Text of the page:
Two-year-old Mia, recently featurd on the TLC program "Toddlers and Tiaras" about the world of child pageantry, struts her stuff on-stage, ripping off her angel-winged white robe to reveal a gold bustier underneath. Dancing to Madonna's "Like A Prayer," the toddler is encouraged by her mother, yelling from the crowd, "Work it, Mia!" It's hard to see this over-sexualized portrayal of a little girl as anything but exploitation.
Mia isn't alone. The child pageantry industry is a $5 billion business in the United States -- and it's one of the fastest growing industries in the country. With no federal laws overseeing child labor in pageants, and very few state laws in place, each pageant or contest creates its own rules with little or no consequence for fostering severly unhealthy environments for girls' well-being. These pageants are doing little to teach girls about healthy sexuality -- which is not only about feeling positive about your own sexual self; it's about understanding boundaries and age-appropriate sexual activity. Being pushed into gold-breasted bustiers at two years old to perform for an audience is unlikely to produce a clear understanding of one's sexuality.
When young girls are falling victim to eating disorders, depression, and anxiety due to popular culture's overwhelming imagery of girls as solely sexual beings, to be valued for their looks and their bodies above all else, it's time to act.
Please ask long-time womens' and girls' advocate Senator Barbara Mikulski (D-MD) and her fellow Senators on the U.S. Committee on Health, Education, Labor and Pensions to look into the lack of regulation of the child pageantry industry and its negative effects on fostering healthy self-esteem on our girls!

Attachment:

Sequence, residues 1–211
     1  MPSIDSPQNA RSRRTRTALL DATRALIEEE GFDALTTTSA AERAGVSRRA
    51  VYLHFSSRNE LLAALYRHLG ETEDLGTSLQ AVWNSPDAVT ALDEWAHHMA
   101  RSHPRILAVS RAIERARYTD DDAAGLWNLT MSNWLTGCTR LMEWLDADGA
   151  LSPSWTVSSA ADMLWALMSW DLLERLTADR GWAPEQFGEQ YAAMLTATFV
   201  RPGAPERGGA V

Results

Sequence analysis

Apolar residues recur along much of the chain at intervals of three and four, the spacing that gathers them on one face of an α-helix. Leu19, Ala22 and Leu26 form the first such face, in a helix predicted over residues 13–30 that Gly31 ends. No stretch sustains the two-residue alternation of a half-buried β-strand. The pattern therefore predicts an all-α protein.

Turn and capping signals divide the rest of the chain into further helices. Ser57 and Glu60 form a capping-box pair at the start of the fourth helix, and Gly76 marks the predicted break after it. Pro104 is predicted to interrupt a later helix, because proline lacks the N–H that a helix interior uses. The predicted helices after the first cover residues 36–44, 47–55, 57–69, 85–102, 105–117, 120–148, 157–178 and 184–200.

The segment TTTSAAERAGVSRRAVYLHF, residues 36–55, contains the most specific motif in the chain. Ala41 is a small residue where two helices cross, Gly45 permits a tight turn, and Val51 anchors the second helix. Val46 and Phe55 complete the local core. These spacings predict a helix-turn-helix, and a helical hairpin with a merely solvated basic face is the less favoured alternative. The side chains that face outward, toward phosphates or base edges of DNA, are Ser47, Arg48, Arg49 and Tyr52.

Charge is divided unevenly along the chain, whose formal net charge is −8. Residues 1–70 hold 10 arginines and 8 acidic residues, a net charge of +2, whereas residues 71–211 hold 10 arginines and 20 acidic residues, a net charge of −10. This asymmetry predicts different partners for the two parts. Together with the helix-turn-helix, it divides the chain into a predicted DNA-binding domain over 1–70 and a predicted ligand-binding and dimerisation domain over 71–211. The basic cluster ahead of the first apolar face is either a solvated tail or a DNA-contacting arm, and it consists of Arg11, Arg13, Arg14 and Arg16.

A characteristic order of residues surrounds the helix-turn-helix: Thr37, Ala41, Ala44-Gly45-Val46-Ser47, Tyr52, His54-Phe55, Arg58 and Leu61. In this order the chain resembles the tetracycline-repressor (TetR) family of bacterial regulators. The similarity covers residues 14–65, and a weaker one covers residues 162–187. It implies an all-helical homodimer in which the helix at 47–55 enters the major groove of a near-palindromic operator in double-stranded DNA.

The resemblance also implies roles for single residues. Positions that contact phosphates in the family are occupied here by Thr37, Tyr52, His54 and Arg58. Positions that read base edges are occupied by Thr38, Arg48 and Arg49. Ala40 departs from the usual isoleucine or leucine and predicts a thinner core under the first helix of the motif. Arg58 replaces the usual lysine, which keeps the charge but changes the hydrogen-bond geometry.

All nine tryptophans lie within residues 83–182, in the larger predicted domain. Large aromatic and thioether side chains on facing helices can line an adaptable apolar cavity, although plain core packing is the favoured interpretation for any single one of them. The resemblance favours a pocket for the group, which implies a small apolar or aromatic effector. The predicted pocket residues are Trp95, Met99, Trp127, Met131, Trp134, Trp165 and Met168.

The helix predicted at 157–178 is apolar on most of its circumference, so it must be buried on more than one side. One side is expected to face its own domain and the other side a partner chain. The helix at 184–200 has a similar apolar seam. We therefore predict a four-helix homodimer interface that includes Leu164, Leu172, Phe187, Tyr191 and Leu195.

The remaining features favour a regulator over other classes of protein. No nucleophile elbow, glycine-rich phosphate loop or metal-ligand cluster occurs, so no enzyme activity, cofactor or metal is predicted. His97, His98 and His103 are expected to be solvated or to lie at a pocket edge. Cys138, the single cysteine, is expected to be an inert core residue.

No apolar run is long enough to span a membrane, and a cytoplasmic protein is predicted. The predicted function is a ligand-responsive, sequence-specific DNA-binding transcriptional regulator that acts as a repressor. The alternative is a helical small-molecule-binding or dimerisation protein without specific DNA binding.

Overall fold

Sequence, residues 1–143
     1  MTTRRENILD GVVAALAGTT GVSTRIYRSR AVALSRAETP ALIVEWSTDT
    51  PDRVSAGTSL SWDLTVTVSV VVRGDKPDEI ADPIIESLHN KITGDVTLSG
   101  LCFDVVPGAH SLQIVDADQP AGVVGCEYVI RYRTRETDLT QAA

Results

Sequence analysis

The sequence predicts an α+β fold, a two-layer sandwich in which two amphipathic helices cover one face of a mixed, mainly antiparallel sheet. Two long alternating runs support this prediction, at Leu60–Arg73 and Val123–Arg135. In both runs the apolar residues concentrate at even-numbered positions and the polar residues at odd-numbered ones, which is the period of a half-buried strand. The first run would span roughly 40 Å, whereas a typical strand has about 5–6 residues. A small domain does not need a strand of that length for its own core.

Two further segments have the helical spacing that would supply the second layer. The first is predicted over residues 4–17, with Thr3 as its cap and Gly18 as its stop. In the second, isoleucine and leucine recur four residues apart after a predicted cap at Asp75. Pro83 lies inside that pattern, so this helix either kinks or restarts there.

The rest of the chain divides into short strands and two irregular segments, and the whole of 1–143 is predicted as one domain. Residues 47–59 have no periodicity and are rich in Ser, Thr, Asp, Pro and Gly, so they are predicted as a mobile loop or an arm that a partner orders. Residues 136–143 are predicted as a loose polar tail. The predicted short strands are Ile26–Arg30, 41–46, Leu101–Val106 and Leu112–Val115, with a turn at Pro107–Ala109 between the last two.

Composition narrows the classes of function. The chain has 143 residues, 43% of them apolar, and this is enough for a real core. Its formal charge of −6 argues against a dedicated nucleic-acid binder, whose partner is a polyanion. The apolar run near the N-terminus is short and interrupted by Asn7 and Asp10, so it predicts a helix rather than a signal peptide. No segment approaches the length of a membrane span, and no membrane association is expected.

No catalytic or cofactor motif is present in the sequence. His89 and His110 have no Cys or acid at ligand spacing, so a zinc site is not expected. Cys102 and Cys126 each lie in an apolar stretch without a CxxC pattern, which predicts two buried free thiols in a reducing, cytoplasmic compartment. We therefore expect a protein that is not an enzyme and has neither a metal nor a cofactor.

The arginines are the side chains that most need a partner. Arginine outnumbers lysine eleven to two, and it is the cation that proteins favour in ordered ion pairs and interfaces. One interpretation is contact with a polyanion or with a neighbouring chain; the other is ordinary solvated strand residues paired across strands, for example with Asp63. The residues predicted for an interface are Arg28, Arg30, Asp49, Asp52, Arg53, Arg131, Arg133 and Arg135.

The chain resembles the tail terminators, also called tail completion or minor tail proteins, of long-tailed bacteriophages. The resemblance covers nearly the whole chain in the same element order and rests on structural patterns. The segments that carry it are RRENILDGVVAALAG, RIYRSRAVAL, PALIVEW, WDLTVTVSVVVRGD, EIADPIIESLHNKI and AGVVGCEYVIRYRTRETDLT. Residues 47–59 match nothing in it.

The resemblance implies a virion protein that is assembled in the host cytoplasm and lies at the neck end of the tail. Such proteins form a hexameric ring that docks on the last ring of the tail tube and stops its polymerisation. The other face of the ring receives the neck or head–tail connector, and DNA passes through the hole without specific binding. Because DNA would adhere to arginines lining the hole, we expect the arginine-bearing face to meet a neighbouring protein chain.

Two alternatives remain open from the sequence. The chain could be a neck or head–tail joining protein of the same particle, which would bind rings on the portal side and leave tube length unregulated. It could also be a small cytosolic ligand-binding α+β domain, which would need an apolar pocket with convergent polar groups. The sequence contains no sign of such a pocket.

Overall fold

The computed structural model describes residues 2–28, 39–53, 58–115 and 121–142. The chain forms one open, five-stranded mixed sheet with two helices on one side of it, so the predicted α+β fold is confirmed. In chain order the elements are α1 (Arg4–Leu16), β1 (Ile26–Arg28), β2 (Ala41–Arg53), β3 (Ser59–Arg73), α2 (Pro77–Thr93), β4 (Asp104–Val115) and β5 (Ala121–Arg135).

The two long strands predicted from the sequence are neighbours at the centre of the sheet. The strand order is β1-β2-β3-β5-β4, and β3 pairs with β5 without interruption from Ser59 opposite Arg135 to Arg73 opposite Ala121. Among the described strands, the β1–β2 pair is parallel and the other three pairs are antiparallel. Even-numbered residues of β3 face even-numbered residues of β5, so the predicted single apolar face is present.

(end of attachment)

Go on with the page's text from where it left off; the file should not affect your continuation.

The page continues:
The U.S. child pageantry industry is a multi-billion dollar business and one of the fastest growing industries in the country. Yet there is surprisingly little regulation of the thousands of pageants that occur each year featuring children as young as six months old. This needs to change: our girls' health and well-being depend upon it. Please establish a committee to investigate child pageants and the potentially negative consequences for girls' self-esteem.
Two-year-old Mia, featured on TLC's program "Toddlers and Tiaras," is seen on video strutting on stage, dancing to Madonna's "Like A Prayer" as she rips off her angel-winged robe to reveal a tight, gold-bustier underneath. Her performance is, frankly, shocking. Yet Mia is one of so many girls, under thirteen years old, who "entertain" and compete for prizes on the pageantry circuit, while state and federal laws provide little to no oversight of the pageants. These children are not protected via child labor laws nor do we ensure, on the state level, that pageants maintain healthy environments to foster healthy self-esteem and sexuality for these girls.
It comes with disastrous consequences for our girls. The American Psychological Association says that the sexualization of girls in U.S. culture is linked to mental and physical health issues like depression, anxiety and eating disorders. "We have ample evidence to conclude that sexualization has negative effects in a variety of domains, including cognitive functioning, physical and mental health, and healthy sexual development," says Eileen L. Zurbriggen, PhD, chair of the APA Task Force and associate professor of psychology at the University of California, Santa Cruz.
We need you to step up and finally address the exploitation of girls in the pageantry industry. The government needs to regulate the industry. Please undertake an investigation into the industry and its potentially harmful effects on young girls, immediately.